English startup equiwatt has secured new government backing to scale to develop its energy-usage reduction tech. The GreenTech startup, which has created a free app for users, is now planning to scale, helping make the UK more energy efficient.
Reducing energy use has a number of benefits, and it’s something that most households and businesses are now very conscious of. Spiralling energy costs, inflation and rising climate awareness have put energy use firmly in the spotlight. But, while consumers might be aware of the need, and actively want, to reduce energy – just how do you go about it?
Across Europe, startups and innovative GreenTech solutions are making it happen. Giving consumers more autonomy over their energy use and creating more efficient consumption practices. UK-based equiwatt is one such startup, and now, it’s got an additional boost from the UK government to scale – reflecting how the public sector is becoming more proactive in this space and how innovative tech and governments can work together for collaborative action.
equiwatt secured over €710k from Energy Entrepreneurs Fund (EEF9) through the Net Zero Innovation Portfolio (NZIP). It’s part of the UK government’s strategy to reach energy security and ent zero, aiming to fuel the development and commercialisation of technologies, products and processes, which decarbonise the UK energy sector.
Dr Johnson Fernandes, CEO of equiwatt, said: “We look forward to working with the new Department of Energy Security and Net Zero as we develop our technology to allow households to make a direct contribution to better manage the supply of energy from the demand side.”
Founded in 2015, equiwatt’s free app helps consumers make smarter energy consumption choices with a reward-style platform.
Users can connect appliances and EVs to equiwatt’s energy management system via this app and access smart technology such as smart meters. The app then rewards consumers for automatically pausing high-energy usage appliances and electric vehicle charging when energy is most expensive and polluting.
It creates a network of connected homes, that collectively act together to help create a more efficient and flexible energy system.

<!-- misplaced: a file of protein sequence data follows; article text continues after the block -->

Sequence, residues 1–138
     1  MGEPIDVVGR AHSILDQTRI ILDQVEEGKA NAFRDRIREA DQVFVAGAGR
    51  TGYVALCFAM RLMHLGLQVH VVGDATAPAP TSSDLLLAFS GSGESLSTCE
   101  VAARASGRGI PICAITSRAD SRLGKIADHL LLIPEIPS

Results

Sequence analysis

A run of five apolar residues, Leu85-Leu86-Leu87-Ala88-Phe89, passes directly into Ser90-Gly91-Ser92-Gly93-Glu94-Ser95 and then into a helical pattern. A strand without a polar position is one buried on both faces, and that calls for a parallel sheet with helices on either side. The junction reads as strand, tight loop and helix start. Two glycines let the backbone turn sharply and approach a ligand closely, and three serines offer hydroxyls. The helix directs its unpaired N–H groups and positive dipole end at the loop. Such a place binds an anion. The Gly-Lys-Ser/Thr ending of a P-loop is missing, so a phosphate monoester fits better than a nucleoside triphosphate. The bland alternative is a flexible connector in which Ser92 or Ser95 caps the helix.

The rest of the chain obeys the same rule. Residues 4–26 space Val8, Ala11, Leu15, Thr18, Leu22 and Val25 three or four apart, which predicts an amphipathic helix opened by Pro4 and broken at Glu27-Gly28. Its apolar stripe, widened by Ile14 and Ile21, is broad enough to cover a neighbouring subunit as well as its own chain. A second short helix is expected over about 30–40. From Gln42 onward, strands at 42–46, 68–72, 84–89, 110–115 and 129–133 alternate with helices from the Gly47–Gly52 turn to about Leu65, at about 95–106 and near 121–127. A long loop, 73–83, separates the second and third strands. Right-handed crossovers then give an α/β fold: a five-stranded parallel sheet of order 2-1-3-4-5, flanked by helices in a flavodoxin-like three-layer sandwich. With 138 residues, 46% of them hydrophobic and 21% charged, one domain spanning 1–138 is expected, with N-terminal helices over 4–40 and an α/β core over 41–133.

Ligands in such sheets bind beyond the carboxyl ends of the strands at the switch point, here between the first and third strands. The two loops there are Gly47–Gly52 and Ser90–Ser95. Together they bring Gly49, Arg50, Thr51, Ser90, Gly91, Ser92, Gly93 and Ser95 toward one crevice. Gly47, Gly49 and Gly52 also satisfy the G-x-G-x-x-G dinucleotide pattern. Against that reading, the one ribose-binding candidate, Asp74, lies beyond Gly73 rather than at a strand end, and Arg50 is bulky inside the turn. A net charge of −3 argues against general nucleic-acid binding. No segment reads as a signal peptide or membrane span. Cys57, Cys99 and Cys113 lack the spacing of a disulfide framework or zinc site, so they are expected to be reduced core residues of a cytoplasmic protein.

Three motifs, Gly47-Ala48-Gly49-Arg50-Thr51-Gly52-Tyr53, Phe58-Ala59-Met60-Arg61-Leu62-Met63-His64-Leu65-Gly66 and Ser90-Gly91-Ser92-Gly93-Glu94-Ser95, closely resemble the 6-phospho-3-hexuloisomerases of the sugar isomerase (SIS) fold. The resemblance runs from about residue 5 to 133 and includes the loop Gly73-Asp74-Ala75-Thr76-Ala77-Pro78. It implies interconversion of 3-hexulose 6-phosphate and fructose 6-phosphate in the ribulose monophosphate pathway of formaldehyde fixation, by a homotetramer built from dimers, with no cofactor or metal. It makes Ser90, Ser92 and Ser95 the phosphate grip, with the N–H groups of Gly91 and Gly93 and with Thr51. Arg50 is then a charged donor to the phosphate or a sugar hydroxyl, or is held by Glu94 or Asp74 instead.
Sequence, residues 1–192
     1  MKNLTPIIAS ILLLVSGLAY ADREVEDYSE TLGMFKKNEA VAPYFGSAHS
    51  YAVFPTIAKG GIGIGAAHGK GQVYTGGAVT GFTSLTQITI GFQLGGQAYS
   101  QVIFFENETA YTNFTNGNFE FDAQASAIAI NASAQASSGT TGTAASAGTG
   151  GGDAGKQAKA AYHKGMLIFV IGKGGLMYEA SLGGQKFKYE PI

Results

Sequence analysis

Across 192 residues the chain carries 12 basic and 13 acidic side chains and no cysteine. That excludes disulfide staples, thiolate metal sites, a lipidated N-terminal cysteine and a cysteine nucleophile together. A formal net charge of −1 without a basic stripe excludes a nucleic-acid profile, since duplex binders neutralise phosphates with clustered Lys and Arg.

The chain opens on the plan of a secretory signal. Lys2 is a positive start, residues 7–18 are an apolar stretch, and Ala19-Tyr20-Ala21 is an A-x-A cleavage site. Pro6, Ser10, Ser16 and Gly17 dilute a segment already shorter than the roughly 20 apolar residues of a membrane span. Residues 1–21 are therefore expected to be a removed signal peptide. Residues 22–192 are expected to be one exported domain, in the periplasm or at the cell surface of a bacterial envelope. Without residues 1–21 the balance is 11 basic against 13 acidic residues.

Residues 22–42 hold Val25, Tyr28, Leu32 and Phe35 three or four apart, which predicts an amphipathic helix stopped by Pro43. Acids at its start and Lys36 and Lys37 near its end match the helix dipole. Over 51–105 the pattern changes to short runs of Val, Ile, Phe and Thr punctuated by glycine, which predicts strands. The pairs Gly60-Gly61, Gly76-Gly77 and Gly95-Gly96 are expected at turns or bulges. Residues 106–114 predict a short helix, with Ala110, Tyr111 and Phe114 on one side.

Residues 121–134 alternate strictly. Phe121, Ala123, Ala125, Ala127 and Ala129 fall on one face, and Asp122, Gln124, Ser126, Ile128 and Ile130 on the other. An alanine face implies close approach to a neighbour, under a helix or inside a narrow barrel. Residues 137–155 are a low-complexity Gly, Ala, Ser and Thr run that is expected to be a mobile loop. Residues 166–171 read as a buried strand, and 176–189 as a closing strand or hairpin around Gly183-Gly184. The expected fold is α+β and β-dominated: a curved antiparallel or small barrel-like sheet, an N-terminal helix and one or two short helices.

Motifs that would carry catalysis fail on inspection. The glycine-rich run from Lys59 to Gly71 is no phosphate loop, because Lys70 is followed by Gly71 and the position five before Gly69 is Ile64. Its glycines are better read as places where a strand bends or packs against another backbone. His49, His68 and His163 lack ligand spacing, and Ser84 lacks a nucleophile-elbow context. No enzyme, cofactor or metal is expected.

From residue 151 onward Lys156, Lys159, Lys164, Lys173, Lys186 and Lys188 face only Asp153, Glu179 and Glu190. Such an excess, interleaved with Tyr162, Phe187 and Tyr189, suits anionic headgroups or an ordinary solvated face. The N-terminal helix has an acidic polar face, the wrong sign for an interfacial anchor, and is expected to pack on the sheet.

Users are rewarded with points when they participate in good energy-saving habits or take part in energy-saving events, called ‘equivents’ during which they switch off or avoid the use of high-energy use devices. The points can be redeemed for e-gift vouchers from the likes of Amazon, John Lewis and Asda.
On the B2B side, equiwatt is an approved supplier to the UK’s National Grid’s Demand Flexibility Service (DFS) trial and is the first company offering automated, household-wide participation in DFS events. Any household can take part, even if their energy supplier isn’t signed up to the DFS scheme, making the programme more accessible.
Dr Johnson Fernandes: “We are proud to receive this funding, which will accelerate our work to help create a more flexible and efficient UK energy system for all. The concept of a residential virtual power plant had previously been hindered by a lack of consumer engagement and high operational costs; however, we are developing a scalable solution, which has already proven to be effective during the National Grid’s DFS trial, through the use of the smart technology that already exists in people’s homes.”
The funding will be used to grow the equiwatt community, and empower a more energy-efficient future for the UK. It reflects a key part of the UK government’s strategy to reach more sustainable energy usage and shows a wider trend toward supporting consumer empowerment when it comes to energy.
Dr Johnson Fernandes: “With this funding, we can further grow our community and demonstrate that our model is commercially viable at large scales. When integrated into energy companies’ operations, we can help many thousands of people reduce their energy bills and support our collective ambitions to live in a net zero world.”
UK Energy Minister Graham Stuart said: “This funding will see the next generation of energy pioneers drive forward cheap and sustainable low-carbon technologies. This will not only deliver green jobs and lower the costs of energy to businesses but also foster world-leading solutions to net zero and economic growth.”